# how to use an if statement to determine whether an index is out of bounds

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kals;djf;alkdjf on 20 Sep 2020
Commented: Turlough Hughes on 22 Sep 2020
hi everyone! Thank you so much for attempting to help me!
The question may be a little unclear. Let me explain.
I have two matrixes, both are a 3x3. I also have 1 other matrix--a 1x2 and called 'indices'. The 1x2 matrix will represent the the index of both 3x3 matrixes. For example, [2 2 ] means I want to find the number located in postion 2,2 on both matrixes. [3 3], number in position 3,3 on both matrixes, etc
Now, I want to use an if statement to ensure the 1x2 matrix is within bounds of the 3x3 matrix. I don't want the 1x2 matrix, for example, to be [4 4] because I can't find the number in position 4,4 on both 3x3 matrixes. I also don't want the 1x2 matrix to be [0 0] because matlab begins indexing at 1. I know that negative indexing exists in matlab, but my class has not hit on this topic yet. Thus, don't worry about negative indexing. The 1x2 matrix will never contain any negative numbers. If indices is outside of bounds, I want to display ''Error: index is out of bounds.'
So far I have:
But I am not getting it right. The computer spits out it's own error, not my personalized ''Error: index is out of bounds.'
##### 2 CommentsShowHide 1 older comment
Sindar on 21 Sep 2020
Is this if statement meant to check whether the indices are valid or invalid? It looks fine for finding valid inputs (assuming indices are created in such a way that they'll be integers), but you describe the goal as finding invalid inputs
Also, Matlab does not have negative indexing (that's Python). Instead, Matlab uses the 'end' keyword

Turlough Hughes on 21 Sep 2020
If indices is outside of bounds, I want to display ''Error: index is out of bounds.'
The conditional expression in your if block is checking if indices are inside the bounds.To throw an error when indices are outside of bounds you could write the following:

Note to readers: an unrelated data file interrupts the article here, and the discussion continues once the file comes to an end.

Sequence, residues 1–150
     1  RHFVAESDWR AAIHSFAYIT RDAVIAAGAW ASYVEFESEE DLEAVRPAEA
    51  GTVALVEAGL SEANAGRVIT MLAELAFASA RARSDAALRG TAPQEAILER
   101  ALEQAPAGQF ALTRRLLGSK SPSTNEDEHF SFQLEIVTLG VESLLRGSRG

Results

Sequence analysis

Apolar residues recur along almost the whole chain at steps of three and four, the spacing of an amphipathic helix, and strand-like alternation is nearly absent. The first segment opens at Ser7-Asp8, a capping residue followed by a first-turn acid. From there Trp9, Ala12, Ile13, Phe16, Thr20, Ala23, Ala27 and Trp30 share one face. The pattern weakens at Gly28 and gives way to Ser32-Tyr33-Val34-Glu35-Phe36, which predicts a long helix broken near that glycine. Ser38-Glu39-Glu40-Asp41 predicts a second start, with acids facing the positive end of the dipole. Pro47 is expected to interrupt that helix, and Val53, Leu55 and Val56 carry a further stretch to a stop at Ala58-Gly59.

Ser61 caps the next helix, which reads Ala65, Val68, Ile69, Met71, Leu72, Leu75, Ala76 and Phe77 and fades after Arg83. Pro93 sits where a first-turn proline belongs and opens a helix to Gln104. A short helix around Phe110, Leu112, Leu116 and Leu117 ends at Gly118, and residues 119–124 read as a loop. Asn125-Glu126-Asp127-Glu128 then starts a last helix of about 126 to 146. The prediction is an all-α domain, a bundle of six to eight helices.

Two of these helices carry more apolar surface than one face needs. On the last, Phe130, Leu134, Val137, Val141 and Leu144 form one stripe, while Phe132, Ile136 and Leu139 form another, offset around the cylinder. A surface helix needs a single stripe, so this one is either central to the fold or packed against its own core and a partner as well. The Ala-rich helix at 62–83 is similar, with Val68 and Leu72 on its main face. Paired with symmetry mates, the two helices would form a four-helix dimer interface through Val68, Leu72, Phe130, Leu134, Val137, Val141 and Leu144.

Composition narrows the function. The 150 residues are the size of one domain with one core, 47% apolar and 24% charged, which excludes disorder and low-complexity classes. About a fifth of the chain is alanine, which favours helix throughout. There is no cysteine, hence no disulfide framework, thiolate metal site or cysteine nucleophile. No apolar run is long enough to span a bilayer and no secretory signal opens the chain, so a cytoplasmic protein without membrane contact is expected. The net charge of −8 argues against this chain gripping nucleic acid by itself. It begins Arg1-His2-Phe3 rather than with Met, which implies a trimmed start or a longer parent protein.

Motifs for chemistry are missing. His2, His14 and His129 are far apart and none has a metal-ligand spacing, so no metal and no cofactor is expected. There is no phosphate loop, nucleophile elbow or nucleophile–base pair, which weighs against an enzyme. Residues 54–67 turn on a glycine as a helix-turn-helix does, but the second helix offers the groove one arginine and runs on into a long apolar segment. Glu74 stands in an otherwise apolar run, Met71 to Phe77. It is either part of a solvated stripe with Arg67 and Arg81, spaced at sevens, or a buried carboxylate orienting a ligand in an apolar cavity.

if any(indices < 1 | indices > 3)
error('Error: index is out of bounds.')
end
using short-circuit logical expressions this can also be written as:
if indices(1)<1 || indices(2)<1 || indices(1)>3 || indices(2)>3
error('Error: index is out of bounds.')
end
%or
if any(indices)<1 || any(indices)>3
I should also add, a better approach than using an if block with an error statement is to use the assert function (see documentation). In this case you assert that an expression is true, otherwise, throw an error. For example:
assert(all(indices>=1 & indices<=3),'Error: index is out of bounds.')
##### 2 CommentsShowHide 1 older comment
Turlough Hughes on 22 Sep 2020
Assert is more concise and direct. When I write:
assert(expression,'error statement')
it's meaning is simply "assert that this condition is true". The assertion communicates directly to the reader what the programmer intended, and instead of thinking what ought not be true (and often times not not be true) you are thinking about what ought to be true for the code to work as expected. Also, if one part of your code stands out more the result is other parts stand out less so that doesn’t improve readability.

R2020a

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